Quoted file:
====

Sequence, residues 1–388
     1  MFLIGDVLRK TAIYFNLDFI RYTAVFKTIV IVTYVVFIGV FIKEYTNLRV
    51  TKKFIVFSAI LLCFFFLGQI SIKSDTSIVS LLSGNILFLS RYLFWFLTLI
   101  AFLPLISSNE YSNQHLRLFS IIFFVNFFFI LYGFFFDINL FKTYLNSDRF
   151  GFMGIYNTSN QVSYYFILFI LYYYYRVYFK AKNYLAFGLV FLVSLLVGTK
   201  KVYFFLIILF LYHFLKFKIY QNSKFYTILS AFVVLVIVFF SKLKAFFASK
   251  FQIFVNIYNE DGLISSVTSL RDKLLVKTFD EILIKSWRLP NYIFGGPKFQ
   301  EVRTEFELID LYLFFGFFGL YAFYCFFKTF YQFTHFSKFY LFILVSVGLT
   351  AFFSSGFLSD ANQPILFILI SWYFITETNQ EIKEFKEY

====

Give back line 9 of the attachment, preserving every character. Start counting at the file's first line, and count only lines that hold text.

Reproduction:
   351  AFFSSGFLSD ANQPILFILI SWYFITETNQ EIKEFKEY